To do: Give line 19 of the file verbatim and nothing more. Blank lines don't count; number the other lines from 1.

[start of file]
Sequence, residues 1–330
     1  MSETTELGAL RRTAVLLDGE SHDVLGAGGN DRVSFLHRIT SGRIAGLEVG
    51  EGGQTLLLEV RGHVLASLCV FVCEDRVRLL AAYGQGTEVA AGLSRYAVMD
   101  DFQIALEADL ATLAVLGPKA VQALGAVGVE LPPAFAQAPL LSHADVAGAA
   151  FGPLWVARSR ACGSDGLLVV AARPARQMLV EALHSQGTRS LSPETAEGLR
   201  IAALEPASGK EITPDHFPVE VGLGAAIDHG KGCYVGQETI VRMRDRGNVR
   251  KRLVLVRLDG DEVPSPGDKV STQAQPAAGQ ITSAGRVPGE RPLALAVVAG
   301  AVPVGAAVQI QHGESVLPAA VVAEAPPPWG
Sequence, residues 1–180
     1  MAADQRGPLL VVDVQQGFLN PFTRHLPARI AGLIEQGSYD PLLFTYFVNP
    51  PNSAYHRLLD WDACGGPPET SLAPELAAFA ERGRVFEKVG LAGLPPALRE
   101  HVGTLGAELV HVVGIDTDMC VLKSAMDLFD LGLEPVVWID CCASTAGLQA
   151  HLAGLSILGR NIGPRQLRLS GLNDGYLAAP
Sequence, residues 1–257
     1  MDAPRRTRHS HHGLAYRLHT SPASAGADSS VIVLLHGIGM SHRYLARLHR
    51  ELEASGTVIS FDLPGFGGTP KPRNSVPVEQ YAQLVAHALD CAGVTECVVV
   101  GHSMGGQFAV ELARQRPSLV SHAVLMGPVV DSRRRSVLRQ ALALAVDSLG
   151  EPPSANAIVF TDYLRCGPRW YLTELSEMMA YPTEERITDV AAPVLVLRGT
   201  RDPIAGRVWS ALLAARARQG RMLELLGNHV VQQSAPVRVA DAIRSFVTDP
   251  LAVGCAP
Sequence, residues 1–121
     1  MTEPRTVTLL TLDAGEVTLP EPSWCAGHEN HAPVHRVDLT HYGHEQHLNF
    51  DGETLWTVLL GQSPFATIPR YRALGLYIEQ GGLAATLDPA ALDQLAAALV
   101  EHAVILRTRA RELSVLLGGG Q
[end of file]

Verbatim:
   201  RDPIAGRVWS ALLAARARQG RMLELLGNHV VQQSAPVRVA DAIRSFVTDP